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Resultant force formula

  1. Aug 4, 2007 #1
    The problem statement, all variables and given/known data

    1. A charge A of -5 µC has two nearby charges: +3.0 µC at a distance 0.3 m vertically above it, and +4.0 µC at a distance of 0.4 m horizontally. Find the magnitude of the force in newton on charge A. Hint: find the vertical and horizontal components, then add these vectors to obtain the resultant.

    2. Two charges of +1 and +36 nanocoulomb are separated by a distance of 100 mm. A 3rd test charge is moved along the line between these two charges. Where is the test charge when it experiences a net force = zero?

    Give your answer in mm measured from the first of the two charges. Hint: think about the ratio of the two charges and deduce a ratio for the distances.
    The attempt at a solution

    1. Using the formula |F| = k[(|q1||q2|)/r^2)]

    I found Fhorizontal = 1.12*10^-6
    and Fverticle = 1.5*10^-6

    I then use pythag, resultant = sqrt( (F_horizontal)^2 + (F_vertical)^2 )
    to give answer of 1.87*10^-6.
    I think it may be right, can somebody verify?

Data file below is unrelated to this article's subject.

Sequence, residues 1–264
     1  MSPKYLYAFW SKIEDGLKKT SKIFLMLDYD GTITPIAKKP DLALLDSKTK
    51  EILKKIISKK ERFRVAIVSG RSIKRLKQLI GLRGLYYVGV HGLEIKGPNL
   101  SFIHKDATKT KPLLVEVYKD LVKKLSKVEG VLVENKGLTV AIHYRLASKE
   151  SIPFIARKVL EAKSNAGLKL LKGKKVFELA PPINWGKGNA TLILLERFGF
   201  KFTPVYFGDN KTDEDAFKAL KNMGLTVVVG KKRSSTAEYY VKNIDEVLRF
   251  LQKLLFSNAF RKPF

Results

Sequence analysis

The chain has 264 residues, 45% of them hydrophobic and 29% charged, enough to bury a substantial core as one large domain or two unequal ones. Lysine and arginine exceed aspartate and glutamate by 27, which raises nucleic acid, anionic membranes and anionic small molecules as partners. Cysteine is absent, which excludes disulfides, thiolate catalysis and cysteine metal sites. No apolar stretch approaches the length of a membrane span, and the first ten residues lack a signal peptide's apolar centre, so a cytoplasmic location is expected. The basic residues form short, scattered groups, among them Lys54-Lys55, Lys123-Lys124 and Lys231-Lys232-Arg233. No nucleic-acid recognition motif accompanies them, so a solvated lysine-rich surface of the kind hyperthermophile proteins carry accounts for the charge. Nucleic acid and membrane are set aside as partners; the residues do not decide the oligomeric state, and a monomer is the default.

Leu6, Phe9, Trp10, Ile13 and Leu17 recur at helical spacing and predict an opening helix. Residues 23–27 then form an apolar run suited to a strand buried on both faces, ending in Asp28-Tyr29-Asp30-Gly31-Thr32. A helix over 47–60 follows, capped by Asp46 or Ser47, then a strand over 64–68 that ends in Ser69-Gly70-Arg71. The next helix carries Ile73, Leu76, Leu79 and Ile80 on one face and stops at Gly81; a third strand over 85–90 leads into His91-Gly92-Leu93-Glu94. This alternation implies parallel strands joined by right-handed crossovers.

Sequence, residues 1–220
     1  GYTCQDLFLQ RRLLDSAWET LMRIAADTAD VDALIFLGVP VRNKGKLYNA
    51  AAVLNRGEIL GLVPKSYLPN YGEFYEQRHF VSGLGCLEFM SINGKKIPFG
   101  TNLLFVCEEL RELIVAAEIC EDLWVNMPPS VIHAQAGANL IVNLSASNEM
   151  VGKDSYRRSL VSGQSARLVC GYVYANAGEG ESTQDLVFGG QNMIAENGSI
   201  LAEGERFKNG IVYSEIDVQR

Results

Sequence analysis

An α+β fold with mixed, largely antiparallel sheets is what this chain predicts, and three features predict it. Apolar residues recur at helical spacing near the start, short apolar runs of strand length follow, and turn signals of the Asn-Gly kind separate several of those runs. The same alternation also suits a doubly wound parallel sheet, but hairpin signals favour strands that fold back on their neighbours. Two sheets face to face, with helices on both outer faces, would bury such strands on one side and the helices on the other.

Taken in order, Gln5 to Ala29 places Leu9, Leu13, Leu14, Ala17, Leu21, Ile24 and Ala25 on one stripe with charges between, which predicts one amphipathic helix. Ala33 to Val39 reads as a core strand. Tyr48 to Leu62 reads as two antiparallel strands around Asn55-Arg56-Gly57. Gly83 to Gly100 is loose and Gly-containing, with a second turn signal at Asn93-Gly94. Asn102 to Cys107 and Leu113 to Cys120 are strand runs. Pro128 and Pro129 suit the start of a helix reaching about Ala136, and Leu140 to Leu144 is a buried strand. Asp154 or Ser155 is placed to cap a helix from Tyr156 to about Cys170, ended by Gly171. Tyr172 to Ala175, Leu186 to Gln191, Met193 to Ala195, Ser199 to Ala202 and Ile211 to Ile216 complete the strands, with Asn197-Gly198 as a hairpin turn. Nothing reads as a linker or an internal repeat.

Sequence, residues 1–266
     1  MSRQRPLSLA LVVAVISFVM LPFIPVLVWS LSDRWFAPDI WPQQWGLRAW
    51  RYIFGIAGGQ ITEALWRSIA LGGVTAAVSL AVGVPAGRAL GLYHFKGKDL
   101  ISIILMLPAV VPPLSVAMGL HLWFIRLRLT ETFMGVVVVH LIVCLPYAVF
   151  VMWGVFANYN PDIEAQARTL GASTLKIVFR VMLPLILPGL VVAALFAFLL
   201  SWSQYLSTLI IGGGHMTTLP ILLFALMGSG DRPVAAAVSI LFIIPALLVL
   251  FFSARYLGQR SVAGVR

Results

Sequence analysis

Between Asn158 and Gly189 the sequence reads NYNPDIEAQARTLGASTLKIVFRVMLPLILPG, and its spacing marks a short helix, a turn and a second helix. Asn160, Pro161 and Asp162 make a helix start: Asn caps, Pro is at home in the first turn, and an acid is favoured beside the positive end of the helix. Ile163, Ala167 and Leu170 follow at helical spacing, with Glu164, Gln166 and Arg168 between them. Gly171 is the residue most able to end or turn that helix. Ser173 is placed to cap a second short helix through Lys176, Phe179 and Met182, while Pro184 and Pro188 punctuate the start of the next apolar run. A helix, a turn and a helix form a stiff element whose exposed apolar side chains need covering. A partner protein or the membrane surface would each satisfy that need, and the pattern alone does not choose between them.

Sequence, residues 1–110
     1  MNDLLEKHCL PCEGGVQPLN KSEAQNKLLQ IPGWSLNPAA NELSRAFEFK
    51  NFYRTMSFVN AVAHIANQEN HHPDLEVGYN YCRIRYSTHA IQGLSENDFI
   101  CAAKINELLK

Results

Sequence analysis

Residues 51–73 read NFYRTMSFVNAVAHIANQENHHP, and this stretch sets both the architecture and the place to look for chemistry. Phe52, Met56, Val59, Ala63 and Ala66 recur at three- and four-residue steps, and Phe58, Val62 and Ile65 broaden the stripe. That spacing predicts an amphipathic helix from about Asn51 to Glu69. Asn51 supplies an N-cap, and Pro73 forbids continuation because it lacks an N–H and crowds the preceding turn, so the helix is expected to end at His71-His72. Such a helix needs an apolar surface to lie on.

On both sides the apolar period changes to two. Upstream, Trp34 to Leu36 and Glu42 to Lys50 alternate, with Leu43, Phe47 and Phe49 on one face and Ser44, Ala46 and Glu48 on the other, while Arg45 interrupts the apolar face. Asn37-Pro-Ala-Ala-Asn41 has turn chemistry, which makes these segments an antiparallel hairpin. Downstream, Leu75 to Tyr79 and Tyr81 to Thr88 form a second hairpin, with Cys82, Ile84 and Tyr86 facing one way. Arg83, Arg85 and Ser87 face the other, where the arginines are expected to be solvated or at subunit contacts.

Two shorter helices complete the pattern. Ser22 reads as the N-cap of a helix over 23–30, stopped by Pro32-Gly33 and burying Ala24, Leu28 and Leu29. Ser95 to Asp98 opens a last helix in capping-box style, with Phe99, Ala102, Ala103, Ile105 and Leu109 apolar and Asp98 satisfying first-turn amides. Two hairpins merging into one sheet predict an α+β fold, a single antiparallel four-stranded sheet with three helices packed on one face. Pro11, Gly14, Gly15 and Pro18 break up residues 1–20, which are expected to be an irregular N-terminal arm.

2. I'm not sure how to do this one!
    Last edited: Aug 5, 2007
  2. jcsd
  3. Aug 5, 2007 #2
    1. Havent checked the values, but the method looks right.

    2. Let the distance from the charges at the point where Fnet is zero be (100-x) and x in mm. Now, find the force exerted by each of the charges on your moving charge and equate them. You should get a quadratic in x. Solve for x.
  4. Aug 6, 2007 #3
    Managed to do those ones, but I've got a new question!

    Calculate the resultant force in newton on the left hand charge q = 12 µC due to charges q = -3 µC at distance 0.1 m to the right and a charge 13 µC at a further distance 0.2 m to the right (measured from the 2nd charge).
    Use the correct sign, taking force to the right as positive and to the left as negative.
    12 µC....................q =-3 µC.................................... 13 µC

    |<------ 0.1 m ----->|<------------ 0.2 m-------------->|

    A step by step guide would be very handy! Thanks in advance to anybody who can help
  5. Aug 6, 2007 #4
    Give it a shot first. Use coulombs law and make a FBD to point yourself in the right direction.
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